Photo Credit: Yoli Schwartz / Israel Antiquities Authority
Israel Antiquities Authority excavation director Kfir Arbiv cleans a ballista stone.

On Sunday, the 9th of Av, the Israel Antiquities Authority presented the results of a new research project that sheds light on the power of the Legio X Fretensis (Tenth legion of the Strait), and the spots of their attack on Jerusalem in the battle that led to the destruction of the Second Temple in the year 70 CE.

“The Fast of the 9th Av commemorates the day of the destruction of the Second Temple,” said IAA researcher Kfir Arbiv. “The Temple was destroyed after a four-month siege and an intense battle led by the Roman General Titus to conquer the city and suppress the revolt the Jews started four years earlier. The Romans had a well-trained massive army, equipped with the best military innovations of their day. It was a ruthless war machine.”

The Russian Compound excavation site where the ballista stones, the physical evidence of the battle that took place 1,952 years ago, are visible on the ground. / Yoli Schwartz / Israel Antiquities Authority

Arbiv recorded Roman military equipment retrieved in excavations in Jerusalem, many of which he directed, together with Dr. Rina Avner, in the Russian Compound adjacent to the Jerusalem Municipality building. The Roman arsenal that has been exposed to date includes hundreds of different-size ballista stones that were launched using sophisticated bolt-throwing machines to a distance of 100–400 yards, small sling stones used by trained infantry, and catapult machines that launched spearheads for a distance of 150–200 yards. They also found spears, swords, and arrowheads, including heavy arrowheads that could penetrate armor.

“We know from the historical sources that the Roman army employed massive siege rams to batter the fortification walls, and siege towers that reached the height of the walls, but these have not yet been found in Jerusalem,” said Amit Reem, director of the IAA Jerusalem Region.

The Russian Compound excavation site where the ballista stones, the physical evidence of the battle that took place 1,952 years ago, are visible on the ground. / Yoli Schwartz / Israel Antiquities Authority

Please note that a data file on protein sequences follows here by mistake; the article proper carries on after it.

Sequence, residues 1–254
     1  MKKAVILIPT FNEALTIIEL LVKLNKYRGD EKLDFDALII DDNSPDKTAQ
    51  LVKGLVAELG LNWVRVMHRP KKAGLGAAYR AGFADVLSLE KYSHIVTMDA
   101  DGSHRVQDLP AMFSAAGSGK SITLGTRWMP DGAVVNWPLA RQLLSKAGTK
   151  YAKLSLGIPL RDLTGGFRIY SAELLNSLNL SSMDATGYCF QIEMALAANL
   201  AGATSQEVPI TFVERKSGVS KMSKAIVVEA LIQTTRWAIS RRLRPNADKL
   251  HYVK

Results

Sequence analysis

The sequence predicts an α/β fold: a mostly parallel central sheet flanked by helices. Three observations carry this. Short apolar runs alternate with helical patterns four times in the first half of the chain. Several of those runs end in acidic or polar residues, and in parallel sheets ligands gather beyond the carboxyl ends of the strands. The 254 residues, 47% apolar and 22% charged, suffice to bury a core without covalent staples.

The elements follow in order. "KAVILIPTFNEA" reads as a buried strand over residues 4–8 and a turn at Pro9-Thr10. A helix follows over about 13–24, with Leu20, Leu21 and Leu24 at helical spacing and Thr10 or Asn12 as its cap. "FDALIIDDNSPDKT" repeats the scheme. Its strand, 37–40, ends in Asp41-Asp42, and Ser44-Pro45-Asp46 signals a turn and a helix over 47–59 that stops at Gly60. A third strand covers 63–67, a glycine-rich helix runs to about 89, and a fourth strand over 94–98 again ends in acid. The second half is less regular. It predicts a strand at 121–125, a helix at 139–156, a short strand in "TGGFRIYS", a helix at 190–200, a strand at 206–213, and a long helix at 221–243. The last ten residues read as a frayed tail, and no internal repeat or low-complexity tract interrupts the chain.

Arbiv’s research focused on the hundreds of ballista stones, and his analysis defined different sizes and weights. Some, directed against people, were launched against the walls to prevent the Jewish rebels from emerging above the walls, and other heavier ones were launched fiercely against the walls to penetrate them.

“With the help of the computer, I located all the ballista exactly where they were found,” Arbiv recalled. “I took into account the local topography and the location of the Second Temple-period city fortification walls, and made ballistic calculations, including the launching angle, and the throwing distance of the stones. All the data was compared to the Jewish historian Josephus’s contemporary detailed descriptions of the battle, and the conquest and destruction of Jerusalem, in his book, The Jewish War.”

According to the research, some of the Roman army artillery machines were located in the center of the modern city of Jerusalem, in the Nahalat Hashiva area, nicknamed Cats’ Square.

Ballista stone uncovered at the Russian Compound excavation. / Yoli Schwartz / Israel Antiquities Authority

Arbiv’s research also shows for the first time, the probable spots where the Roman army penetrated the city walls. The Russian Compound excavations exposed part of the Third Wall, the third line of defense that surrounded the city. An exceptionally large concentration of ballista stones was found in one spot, some broken after use. It was evident that the Roman army concentrated their efforts here, and hundreds, if not thousands of ballista stones, were directed at this spot.

“This is not surprising,” said Arbiv. “Whoever controls this spot, dominates the whole area and the fate of the city. This aligns with Josephus’s account that Titus gave the order to penetrate the city walls at the northwestern side of the city.”

IAA Director Eli Eskosido said: “The physical evidence of the huge resources employed by the Roman army in Jerusalem reflects the extremely harsh battles that eventually led to the destruction of the Second Temple. Notwithstanding the internal factions and the impossible odds, a small group of Jewish defenders delayed the Roman invasion for a few months until the tragic destruction of the city. The use of up-to-date research methods reveals more and more of the fascinating history of Jerusalem.”


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